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Updated Mar 29, 2014 - 4:11 pm

Arizona battle over ridesharing services heats up

PHOENIX — Arizona has joined a number of states debating how to regulate
so-called ridesharing programs that have popped up around the country and riled
traditional taxi and limousine establishments.

An amendment to an unrelated bill being debated in a Senate committee last week
would categorize the tech-startup programs as “transportation network
service,” exempting them from certain rules that apply to taxi and limousine
companies. Members of the Senate Committee on Commerce, Military and Energy
approved the amended bill with a 4-1 vote on March 19.

The amendment to House Bill 2262 is yet another attempt to regulate the
relatively new service, which allows members to hail rides with a swipe of
smartphone on sites like Uber and Lyft. A similar bill in the House was approved
in a committee but later died.

The amendment was celebrated by proponents of ridesharing programs, who say
they should not be subject to the same regulations as cabs in part because they
do not pick up people from the street, but rather members of the service who
request a driver.

The amendment would require ridesharing programs to provide a minimum $1
million insurance coverage for drivers and to conduct a criminal background and
driver’s license checks. But it would also exempt them from regulations that
apply to taxi drivers and would prohibit cities, counties and towns from
enacting their own regulations. The amendment does not require the companies to
provide insurance coverage at all times that a driver is on the job, as many in
the insurance and tax company industry believe they should.

“The concept that we’re dealing with right now on this legislation is a
relatively new concept and one that we are trying to put some regulatory
framework around,” Uber and Lyft lobbyist Wendy Briggs said. “This is an
alternative form of transportation, cheaper, faster than a taxi. And I would
advocate (they are) much safer.”

Uber is a San Francisco-based startup that now operates in 80 cities in the
United States and in six continents. Lyft is a similar company that uses a
mobile app to connect riders with drivers who charge them based on a donation
instead of a fare.

Traditional transportation companies said the proposed rules are unfair and that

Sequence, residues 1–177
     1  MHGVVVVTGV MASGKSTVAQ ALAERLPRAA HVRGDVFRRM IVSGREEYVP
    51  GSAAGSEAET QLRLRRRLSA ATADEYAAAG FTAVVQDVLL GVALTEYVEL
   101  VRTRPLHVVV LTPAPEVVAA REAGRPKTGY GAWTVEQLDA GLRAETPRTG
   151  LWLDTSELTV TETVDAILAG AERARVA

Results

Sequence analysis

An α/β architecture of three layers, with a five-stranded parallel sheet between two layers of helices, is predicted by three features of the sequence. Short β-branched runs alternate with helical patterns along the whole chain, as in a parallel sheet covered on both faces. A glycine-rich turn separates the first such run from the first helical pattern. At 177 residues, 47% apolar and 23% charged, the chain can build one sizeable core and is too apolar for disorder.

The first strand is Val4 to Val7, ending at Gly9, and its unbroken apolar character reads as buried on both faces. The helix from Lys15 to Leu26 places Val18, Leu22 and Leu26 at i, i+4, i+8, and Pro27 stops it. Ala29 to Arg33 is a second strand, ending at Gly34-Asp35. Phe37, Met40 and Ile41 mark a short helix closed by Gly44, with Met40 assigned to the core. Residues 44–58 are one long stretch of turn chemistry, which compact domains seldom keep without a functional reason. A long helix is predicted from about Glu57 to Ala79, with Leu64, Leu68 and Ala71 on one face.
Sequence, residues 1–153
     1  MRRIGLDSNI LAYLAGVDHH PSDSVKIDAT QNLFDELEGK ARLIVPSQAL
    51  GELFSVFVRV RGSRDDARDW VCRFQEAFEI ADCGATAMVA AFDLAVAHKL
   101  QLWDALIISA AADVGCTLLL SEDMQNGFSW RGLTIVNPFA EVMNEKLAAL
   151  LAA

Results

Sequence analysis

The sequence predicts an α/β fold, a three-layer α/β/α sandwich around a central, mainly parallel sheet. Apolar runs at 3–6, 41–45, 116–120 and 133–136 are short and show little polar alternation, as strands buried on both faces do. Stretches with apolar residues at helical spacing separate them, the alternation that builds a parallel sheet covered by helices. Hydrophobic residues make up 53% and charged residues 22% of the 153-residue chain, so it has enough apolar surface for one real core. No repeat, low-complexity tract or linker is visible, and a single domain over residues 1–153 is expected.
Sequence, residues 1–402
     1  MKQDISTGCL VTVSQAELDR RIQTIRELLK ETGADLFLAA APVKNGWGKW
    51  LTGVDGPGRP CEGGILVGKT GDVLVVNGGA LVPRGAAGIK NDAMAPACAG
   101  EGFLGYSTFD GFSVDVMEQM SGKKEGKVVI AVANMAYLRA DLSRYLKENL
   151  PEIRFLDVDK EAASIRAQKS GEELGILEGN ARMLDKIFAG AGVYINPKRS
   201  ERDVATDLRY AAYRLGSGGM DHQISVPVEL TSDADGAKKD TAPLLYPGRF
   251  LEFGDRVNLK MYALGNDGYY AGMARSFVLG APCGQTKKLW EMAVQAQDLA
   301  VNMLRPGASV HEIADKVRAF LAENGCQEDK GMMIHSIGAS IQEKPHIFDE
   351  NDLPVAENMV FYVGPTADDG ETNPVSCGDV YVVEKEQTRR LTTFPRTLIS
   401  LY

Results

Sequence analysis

the companies present safety risks to passengers. The debate has taken shape in
the form of legislation in Colorado, Georgia, Maryland and other states that are
trying to figure out how to regulate something so technology-driven.

Mike Pinckard, president of Total Transit, a parent company of Discount Cab,
said he welcomes the competition that ridesharing companies bring, but that they
should be held to the same standards as all transportation services.

Pinckard said he thinks the companies should be required to provide insurance
coverage for their drivers at all times, not just when they are picking up a
passenger. Uber already insures drivers with $1 million policies, but only from
the time the driver accepts a pick-up to the time the driver drops off the

That means a driver who is working out on the road but has not yet received a
request for a ride is not insured by the company unless the driver’s personal
insurance denies the claim, in which case Uber provides its contingent policy.
The issue became especially heated nationwide after a 6-year-old girl was killed
in a crosswalk by a driver logged into the Uber app in San Francisco on New
Year’s Eve. The girl’s family contends that Uber is financially responsible
because the driver was waiting for customers. Uber says it isn’t liable because
no passengers were in the car.

“If a driver was involved in an accident in an activity-based scenario, you’re
gonna have disputes and litigation until the cows come home,” Pinckard said.
“All we’re saying is get insurance.”

Briggs maintains rideshare programs are safer then cabs because consumers get
information about the driver and the car they are being picked up in through the
phone application.

“You’re talking about an ability to get people to point A to point B, whether
it’s the elderly going to dialyses or in New York they use this to get their
kids from point A to point B,” she said.

David Childers of the Property Casualty Insurers Association said rideshare
drivers are incentivized to be out and available when rides are requested, and
they are not just sitting at home waiting for ride requests.

“That would mean Friday and Saturday nights in Old Town Scottsdale. Near the
airport. High-traffic areas that pose an entirely different risk than risks
associated with taking your kids to school. They have a responsibility to
provide coverage for their drivers,” Childers said.


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